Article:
Kayaking and canoeing can be great fun in and of themselves. But if you’re spending a full day on the water, having a few kayak and canoe games in your back pocket can add some friendly competition to your day.
Kayak and canoe games are especially useful for camp counselors or anyone working with youth groups. If you want to avoid the almost-inevitable “splash war” with your group, study up on these 10 fun kayak and canoe games you can play on the water!
Table of Contents
- 1 Fun Kayak and Canoe Games On The Water
- 2 Jargon Buster
- 3 Kayak Safety Tips
- 4 Fun Kayak And Canoe Games On The Water
- 5 Our Pick – Kayak Basketball
Fun Kayak and Canoe Games On The Water
- Race To A Dozen
- Sticky Situation
- Animals Galore
- Kayak Frisbee
- Scenery Sums
- Gunwale Bobbing
- Tea Party
- Kayak Basketball
- Relay Race
- Swap It
In this section, we’ll detail a few important terms that will help you better understand the ten fun kayak and canoe games we’ve detailed below!
The bow is the front of the canoe or kayak.
The stern is the rear section of a canoe or kayak.
Gunwales are the fancy term for the sides of a canoe or kayak.
PFD stands for ‘personal flotation device’. Some of us came to know these as “life jackets” when we were young.
Kayak Safety Tips
Kayak and canoe games make being on the water super fun. But it’s still important to follow these kayak safety tips so that everyone goes home healthy!
Wear A Properly-Fitted PFD
Wearing a properly fitting PFD is a must when kayaking or canoeing. This is true no matter how accomplished paddlers are as swimmers.
There’s simply no reason for kayakers and canoers NOT to wear a PFD. And your PFD should be properly tightened and secure at all times.
The vast percentage of injuries and fatalities that occur when kayaking or canoeing happen because the paddler wasn’t wearing a PFD (or wasn’t wearing a PFD properly). Make sure all game participants have their PFD properly fitted before getting out on the water.
Establish Clear Boundaries
As a facilitator, you should be very clear about the boundaries of the area in which the game will be played. This will, of course, vary slightly depending on the game you’re playing.
Nevertheless, you’ll want to be able to keep an eye on all of your paddlers as they engage in one of these kayak or canoe games. Establish clear boundaries so that you don’t have to keep your eye on paddlers in an impossibly-large area.
Create A Freeze Word
This can be thought of as a safe word that alerts all game participants to a pressing issue that needs to be addressed. It’s important for you to be able to communicate any safety issues with participants when they do arise.
And if you don’t take the time to communicate how you plan to get participant’s attention, it will take longer to do so than it should. Whether you create a freeze word or use a long whistle blast, establish a clear way to pause the game at hand and get everyone’s attention.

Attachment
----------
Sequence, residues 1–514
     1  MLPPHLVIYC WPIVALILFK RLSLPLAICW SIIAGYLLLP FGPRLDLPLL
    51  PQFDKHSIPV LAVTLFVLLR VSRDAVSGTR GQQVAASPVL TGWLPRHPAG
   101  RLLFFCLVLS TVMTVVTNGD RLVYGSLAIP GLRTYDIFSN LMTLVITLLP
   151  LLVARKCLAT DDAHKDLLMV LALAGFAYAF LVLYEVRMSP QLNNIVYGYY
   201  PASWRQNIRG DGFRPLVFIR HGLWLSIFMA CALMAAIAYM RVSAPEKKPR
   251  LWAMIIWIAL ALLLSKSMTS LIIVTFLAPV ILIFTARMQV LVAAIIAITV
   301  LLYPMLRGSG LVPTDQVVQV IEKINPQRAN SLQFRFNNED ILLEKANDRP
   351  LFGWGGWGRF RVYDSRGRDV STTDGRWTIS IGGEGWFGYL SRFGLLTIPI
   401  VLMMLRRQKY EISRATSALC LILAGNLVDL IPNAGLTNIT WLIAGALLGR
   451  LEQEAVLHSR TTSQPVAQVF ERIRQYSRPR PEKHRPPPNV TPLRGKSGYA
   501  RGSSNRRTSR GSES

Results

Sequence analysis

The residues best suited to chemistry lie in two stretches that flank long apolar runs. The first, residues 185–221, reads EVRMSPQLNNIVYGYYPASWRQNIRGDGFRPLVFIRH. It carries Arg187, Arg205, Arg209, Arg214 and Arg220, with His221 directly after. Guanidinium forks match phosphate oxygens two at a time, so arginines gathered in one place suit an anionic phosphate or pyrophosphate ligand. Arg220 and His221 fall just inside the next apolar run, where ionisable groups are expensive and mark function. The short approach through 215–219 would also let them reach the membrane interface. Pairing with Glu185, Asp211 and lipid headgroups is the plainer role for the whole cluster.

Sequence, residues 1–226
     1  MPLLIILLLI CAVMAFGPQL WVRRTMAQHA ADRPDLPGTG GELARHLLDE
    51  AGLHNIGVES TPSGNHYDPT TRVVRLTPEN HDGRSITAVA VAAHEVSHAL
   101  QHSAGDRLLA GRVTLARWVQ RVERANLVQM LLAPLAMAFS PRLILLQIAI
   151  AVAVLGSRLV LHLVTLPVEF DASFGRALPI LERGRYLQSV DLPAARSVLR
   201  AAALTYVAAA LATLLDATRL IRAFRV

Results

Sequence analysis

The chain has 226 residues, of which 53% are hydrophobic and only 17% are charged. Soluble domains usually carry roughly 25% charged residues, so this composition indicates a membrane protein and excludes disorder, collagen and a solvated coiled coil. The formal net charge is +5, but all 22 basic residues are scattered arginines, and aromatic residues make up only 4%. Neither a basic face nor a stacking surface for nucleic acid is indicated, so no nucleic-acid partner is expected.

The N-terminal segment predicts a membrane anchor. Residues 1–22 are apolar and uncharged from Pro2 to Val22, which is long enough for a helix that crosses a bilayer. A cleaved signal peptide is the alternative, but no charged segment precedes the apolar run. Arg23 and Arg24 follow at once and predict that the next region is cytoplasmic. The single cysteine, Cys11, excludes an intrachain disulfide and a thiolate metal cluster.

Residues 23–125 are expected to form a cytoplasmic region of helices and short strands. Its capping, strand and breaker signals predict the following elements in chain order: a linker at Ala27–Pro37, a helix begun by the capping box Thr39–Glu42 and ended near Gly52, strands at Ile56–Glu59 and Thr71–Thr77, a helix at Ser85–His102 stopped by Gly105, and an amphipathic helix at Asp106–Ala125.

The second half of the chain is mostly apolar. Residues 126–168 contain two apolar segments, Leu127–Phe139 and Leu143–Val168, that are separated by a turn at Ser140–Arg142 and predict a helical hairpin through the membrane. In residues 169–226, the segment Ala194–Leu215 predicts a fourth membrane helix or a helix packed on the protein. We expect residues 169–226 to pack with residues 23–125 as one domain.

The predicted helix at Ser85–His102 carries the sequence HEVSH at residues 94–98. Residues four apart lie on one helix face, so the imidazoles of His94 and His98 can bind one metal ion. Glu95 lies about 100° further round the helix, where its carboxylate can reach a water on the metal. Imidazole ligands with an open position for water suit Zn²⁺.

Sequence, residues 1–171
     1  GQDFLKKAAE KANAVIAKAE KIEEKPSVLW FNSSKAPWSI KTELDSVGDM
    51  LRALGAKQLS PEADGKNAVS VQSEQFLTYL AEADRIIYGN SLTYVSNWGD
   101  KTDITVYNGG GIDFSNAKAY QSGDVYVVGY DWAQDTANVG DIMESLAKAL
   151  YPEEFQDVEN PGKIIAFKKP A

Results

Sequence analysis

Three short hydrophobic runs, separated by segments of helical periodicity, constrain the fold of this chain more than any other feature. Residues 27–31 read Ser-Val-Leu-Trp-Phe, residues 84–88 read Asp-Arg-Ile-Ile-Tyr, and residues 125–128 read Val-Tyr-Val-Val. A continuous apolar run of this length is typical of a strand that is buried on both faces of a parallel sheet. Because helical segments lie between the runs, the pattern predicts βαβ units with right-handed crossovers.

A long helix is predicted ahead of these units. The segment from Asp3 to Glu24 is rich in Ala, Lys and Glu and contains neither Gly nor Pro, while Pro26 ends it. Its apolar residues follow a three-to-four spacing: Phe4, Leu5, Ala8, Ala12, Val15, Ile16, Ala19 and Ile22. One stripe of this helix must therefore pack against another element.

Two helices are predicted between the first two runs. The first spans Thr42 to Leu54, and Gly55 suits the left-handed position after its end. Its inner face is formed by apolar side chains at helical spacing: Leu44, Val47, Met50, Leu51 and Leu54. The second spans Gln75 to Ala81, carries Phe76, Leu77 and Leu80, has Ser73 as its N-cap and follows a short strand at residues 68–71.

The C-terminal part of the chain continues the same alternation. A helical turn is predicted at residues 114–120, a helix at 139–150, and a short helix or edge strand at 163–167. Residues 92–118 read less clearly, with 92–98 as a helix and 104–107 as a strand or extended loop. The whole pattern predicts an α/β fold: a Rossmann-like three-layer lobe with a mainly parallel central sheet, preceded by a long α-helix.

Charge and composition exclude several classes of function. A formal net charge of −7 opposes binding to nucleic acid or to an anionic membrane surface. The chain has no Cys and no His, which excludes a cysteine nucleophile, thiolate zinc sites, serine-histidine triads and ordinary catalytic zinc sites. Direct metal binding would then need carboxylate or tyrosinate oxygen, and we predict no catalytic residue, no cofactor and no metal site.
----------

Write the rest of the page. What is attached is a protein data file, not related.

Fun Kayak And Canoe Games On The Water
1. Race To A Dozen
This game is best played with canoes or two-person kayaks. Some supplies that you’ll need for this game include your boats, paddles, a whistle, and a number of balls that can float.
With everyone on the water in their respective canoes or kayaks, each vessel is a team. Each team should be given a floaty ball and a clear “game master” should be identified.
The object of the game is to be the first team to accumulate a dozen points. Teams accumulate points by completing tasks assigned by the game master.
Before each round begins, the game master explains the task that teams must complete. Upon the blast of the whistle, teams compete with one another to be the first to complete the task.
The tasks used in this game should have the underlying goal of teaching paddlers new skills that they can use on the water in the future. Here are some examples of tasks you can assign:
- Switching positions in the kayak or canoe without falling out
- Throwing the ball to hit a stationary object or another kayak/canoe
- Paddling their vessel in a complete circle
- Flipping out of their kayak/canoe, righting it, and climbing back in
- All teams throw balls into the water and retrieve a different team’s ball
2. Sticky Situation
This game works with either three solo paddlers or six tandem paddlers. You’ll need your canoes/kayaks, paddles, a whistle, and a full roll of duct tape to play Sticky Situation.
Setting the boundaries of the area is really important for this game. Get creative to set reasonable boundaries so you don’t have to oversee an exceptionally large area.